Yukon MP Larry Bagnell has introduced a private member’s bill in the House of Commons that would require courts to consider fetal alcohol spectrum disorder as a mitigating factor during sentencing.
The bill would also require that courts prescribe external support plans to help offenders with FASD reintegrate into society. And it would compel the correctional system to recognize FASD as a disability.
“Presently, the way (people with FASD) are treated in the courts and sentencing … it’s just totally inappropriate. It doesn’t make any sense,” said Bagnell. “I think it’s a human tragedy. It’s not justice.”
FASD is a permanent brain injury that can occur in a fetus when a mother drinks alcohol during pregnancy. It can cause mental disabilities, memory problems, impaired judgment, poor impulse control and an inability to understand the consequences of one’s actions.
Under the proposed changes to the criminal code, a court could order an accused person to undergo an assessment for FASD at any point during court proceedings. The accused person or the prosecutor could also request an assessment.
The accused could be kept in custody for up to 30 days while the assessment is being carried out.
The court would be required to consider FASD as a mitigating factor during sentencing if the disorder is found to impair the offender’s ability to control impulses, make judgments or understand the consequences of his or her actions.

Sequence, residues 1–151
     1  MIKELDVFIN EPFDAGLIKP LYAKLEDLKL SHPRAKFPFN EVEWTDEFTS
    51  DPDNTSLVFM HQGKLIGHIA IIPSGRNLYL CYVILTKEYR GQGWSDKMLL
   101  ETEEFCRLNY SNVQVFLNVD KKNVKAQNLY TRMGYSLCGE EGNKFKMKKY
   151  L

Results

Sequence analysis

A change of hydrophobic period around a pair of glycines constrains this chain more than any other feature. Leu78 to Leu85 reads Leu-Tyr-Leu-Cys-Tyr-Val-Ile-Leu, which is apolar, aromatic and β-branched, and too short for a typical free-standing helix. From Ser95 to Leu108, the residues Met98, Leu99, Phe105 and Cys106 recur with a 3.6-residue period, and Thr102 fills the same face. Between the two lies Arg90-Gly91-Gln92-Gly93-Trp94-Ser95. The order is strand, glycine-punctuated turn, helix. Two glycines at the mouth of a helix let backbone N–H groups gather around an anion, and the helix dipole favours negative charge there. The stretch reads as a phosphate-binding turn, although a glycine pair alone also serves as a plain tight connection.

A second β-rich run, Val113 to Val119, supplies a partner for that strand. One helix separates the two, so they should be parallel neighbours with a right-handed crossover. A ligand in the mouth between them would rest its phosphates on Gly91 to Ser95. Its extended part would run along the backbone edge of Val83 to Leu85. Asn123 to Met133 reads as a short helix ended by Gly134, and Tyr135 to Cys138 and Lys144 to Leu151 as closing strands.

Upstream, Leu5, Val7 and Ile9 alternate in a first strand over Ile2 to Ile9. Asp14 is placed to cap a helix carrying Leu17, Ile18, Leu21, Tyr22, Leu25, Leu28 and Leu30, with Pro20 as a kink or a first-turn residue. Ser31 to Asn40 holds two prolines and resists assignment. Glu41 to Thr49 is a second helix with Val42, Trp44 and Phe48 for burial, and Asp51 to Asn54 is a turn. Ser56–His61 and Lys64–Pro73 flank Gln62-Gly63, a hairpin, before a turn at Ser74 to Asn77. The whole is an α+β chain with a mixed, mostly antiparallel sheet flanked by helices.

In such cases, the court would also require that a probation officer establish an external support plan for the offender.
Bagnell said that element is important, because people with FASD often have no sense of timing, and are likely to miss appointments with probation officers.
“So you need a support worker to help make sure they make these type of appointments,” he said. “They need that type of support or … it’s like a revolving door. They’ll just be right back in jail.”
This part of the bill is identical to a private member’s bill introduced by Conservative MP Ryan Leef in the spring of 2014. That bill received support from all three major parties, but Leef withdrew it after realizing it likely wouldn’t be passed in time for the 2015 federal election.
At the time, the issue was that MPs introduce hundreds of bills and motions each session. The order in which those bills are debated is decided by lottery. At the time, Leef was drawn 130th out of 243 MPs.
But this time, Bagnell said he’s 34th on the list, which should mean his bill will come up for second reading within a year.
Bagnell’s bill also contains some new changes to the Corrections and Conditional Release Act. The changes would compel Correctional Service Canada to provide special programs for people with FASD.
He said the bill is based on recommendations made by the Canadian Bar Association in 2010.
This bill is identical to one tabled by Liberal MP Sean Casey in March 2015, which, like Leef’s, went nowhere.
Most private member’s bills never become law, but Bagnell said he’s optimistic about this one.
“It was very positively received the last time it came forward,” he said. “Hopefully that’s a good sign.”
Contact Maura Forrest at